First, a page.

canada africa partner reservation Maine Trail Center gets a generous boost from Mark McAuliffe’s gift

Maine Trail Center gets a generous boost from Mark McAuliffe’s gift

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Since 1976, the Maine Trail Crew has been a critical part of the Maine Appalachian Trail Club’s efforts to maintain the state’s 270-mile stretch of AT – plus side trails, shelters, campsites and privies. These people do the hard work, building bridges and rock work for example, which regular volunteers cannot do.

But over the past thirty years, the seasonal team has been forced to move six times due to a lack of a home base. However, that situation is about to change dramatically, thanks in part to the generous donation from a MATC member.

The new facility, located in Skowhegan, will be formally named “The Maine Trail Center: Honoring the Memory of Mark McAuliffe, a Devoted Member and Volunteer of MATC.” McAuliffe, 66, died last October at his home in Scarborough, but in his final days he arranged a monumental gift of more than $1 million to catapult the club’s 10-year ‘Trail Champions’ capital campaign into position to finally begin construction make it possible. to start.

Educated at Colby College and the Massachusetts Institute of Technology, McAuliffe enjoyed a successful career as a businessman and entrepreneur. He was also a passionate hiker and cyclist, outdoorsman and world traveler, and was actively involved in a variety of professional and non-profit organizations. Among these groups was the MATC, where he had volunteered as a trail manager since 2005.

“Joe Kilbride and I were good friends and long-time hiking buddies of Mark, and we were the team that maintained the Buck Hill portion of the AT in Monson,” said Chris O’Neil. “It was Mark who referred us to the North Woods, and Mark took the initiative to sign us up as trustees. Mark’s rationale was clear: “Think of all the paths we’ve walked, and how much we’ve taken away from them. Don’t we owe it to those trails to give something back?’

“Mark loved the precision of the maintenance work and the reward we received for something as simple as making the trail passable, safe and enjoyable,” said O’Neil. “I get tingles when I think back to the passing walkers who always thanked us for our ‘work’. Mark found particular satisfaction in this unassuming and unpretentious aspect of MATC volunteering: that our toil takes place in the folds, with really only intrinsic rewards.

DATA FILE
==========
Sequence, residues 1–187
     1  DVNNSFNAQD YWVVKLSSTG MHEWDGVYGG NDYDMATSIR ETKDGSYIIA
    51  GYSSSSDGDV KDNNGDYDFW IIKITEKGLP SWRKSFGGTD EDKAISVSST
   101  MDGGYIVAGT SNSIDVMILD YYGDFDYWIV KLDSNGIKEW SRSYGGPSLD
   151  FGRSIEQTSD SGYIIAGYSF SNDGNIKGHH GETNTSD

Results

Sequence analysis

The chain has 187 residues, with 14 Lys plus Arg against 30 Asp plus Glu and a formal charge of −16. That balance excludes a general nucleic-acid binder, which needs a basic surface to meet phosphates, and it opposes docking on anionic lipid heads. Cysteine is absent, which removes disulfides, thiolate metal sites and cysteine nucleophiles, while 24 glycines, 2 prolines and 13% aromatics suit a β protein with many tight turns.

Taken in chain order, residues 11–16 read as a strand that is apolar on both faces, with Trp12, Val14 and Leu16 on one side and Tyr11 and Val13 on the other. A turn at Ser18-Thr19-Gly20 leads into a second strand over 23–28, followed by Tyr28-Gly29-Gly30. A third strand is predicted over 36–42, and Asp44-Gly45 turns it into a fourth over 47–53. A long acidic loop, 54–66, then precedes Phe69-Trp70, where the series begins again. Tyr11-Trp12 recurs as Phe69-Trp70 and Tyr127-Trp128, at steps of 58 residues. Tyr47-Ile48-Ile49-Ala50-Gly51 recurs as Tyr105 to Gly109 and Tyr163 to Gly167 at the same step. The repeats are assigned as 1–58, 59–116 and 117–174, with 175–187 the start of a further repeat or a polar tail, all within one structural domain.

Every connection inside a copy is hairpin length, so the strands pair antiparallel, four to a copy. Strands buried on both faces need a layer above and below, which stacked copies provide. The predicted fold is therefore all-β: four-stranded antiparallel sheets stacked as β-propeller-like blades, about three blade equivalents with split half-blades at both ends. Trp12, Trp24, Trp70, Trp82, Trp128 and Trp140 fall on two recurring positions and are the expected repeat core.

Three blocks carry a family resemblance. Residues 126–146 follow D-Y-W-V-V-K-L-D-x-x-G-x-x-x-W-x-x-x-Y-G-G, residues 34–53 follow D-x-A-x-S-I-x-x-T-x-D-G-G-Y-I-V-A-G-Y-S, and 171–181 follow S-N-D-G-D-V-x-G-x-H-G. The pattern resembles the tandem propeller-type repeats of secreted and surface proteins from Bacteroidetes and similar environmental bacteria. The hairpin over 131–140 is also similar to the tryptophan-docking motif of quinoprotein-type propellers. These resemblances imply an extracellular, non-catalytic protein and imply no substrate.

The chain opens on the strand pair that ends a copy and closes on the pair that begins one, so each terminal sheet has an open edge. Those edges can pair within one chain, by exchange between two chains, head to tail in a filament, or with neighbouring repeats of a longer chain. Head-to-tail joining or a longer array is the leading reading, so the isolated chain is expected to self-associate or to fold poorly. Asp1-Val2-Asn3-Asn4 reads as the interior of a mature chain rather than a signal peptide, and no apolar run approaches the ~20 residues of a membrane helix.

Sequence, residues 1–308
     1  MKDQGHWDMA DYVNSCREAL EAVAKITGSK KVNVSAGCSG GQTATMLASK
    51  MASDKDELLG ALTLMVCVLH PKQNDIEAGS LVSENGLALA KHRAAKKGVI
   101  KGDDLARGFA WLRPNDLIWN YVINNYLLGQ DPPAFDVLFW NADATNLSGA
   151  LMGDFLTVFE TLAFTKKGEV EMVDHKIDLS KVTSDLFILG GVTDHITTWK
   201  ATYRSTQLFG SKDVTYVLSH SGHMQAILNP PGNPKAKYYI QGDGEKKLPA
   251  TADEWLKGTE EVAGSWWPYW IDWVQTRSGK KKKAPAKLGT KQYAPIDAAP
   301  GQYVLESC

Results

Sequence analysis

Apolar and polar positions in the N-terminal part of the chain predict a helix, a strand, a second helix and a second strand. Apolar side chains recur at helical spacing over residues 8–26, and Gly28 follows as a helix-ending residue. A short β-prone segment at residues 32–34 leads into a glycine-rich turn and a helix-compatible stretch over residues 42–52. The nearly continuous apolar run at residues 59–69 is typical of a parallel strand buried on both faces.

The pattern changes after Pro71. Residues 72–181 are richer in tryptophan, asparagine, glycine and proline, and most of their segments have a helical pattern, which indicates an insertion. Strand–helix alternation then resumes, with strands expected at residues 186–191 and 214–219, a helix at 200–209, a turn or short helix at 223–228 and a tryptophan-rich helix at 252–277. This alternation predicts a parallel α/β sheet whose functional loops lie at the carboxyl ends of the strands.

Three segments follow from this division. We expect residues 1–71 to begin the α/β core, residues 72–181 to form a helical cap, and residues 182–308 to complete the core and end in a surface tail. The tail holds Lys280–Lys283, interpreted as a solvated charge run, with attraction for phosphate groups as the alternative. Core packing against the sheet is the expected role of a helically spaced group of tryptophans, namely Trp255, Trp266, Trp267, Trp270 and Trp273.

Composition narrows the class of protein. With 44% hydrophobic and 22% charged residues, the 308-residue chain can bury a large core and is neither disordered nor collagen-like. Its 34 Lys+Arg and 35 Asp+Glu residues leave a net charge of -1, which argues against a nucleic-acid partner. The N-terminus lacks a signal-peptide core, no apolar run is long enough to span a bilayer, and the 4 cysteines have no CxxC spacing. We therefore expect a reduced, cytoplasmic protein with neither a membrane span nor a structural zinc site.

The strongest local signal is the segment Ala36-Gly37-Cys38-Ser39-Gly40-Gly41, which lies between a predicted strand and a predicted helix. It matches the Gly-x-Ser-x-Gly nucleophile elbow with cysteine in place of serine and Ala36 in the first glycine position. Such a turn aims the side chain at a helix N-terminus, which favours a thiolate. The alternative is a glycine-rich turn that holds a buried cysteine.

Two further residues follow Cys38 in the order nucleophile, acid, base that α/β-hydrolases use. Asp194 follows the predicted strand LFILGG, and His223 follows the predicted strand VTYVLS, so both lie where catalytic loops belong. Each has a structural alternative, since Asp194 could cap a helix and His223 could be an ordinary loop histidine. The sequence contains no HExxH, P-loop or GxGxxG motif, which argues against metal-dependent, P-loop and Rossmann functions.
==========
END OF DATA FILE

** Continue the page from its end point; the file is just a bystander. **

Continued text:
The new Maine Trail Center will be a permanent home for the Maine Trail Crew. The modern building will incorporate passive solar energy and other green energy into its design, meeting space, a kitchen, housing for 34 people, showers, laundry room, office space, a tent area, an outdoor work area and parking. A maintenance building will serve as storage and workshop. Last summer, two crew quarters were built by the National Guard.

According to Lester Kenway, president of the MATC from 2009 to 2022 and chairman of the Trail Champions campaign, construction has already begun on the ramp to the complex, which is located on 55 acres of land leased from the Somerset Woods Trustees. Work on site will continue through May, buildings will be completed from June and the project should be completed by the end of the year. The crew will occupy the center in May 2025.

“Mark’s gift made this possible. There is a sense of relief now that the goal has been achieved. No other AT club has taken on such a huge project. But this was important to do,” Kenway said. “Mark’s love for Maine and the AT was matched only by his love for his family. Mark’s memory will live on in the memories of all who visit the Maine Trail Center.”

Nearly 500 individuals, foundations and corporations have added their support to the Trail Champions campaign, which has raised $2.97 million to date, including McAuliffe’s donation. The current pandemic and inflation-affected goal is $3.2 million, so fundraising will continue, but bright sunlight at this end of this long and winding path is in sight.

The new trail center is located just off US Route 2 in Skowhegan and a 40-minute drive from Augusta. It is centrally located not only to the Appalachian Trail corridor, but also to land trusts and other similar groups who will also use the multi-use facility for events and meetings, and as a training center for trail design, construction, maintenance and restoration, as well as for the use of chainsaws.

Carey Kish of Mount Desert Island has been a volunteer trail manager with the MATC for 20 years and a two-time AT thru hiker. Please support MATC’s efforts to preserve our beloved section of the AT in Maine (matc.org).


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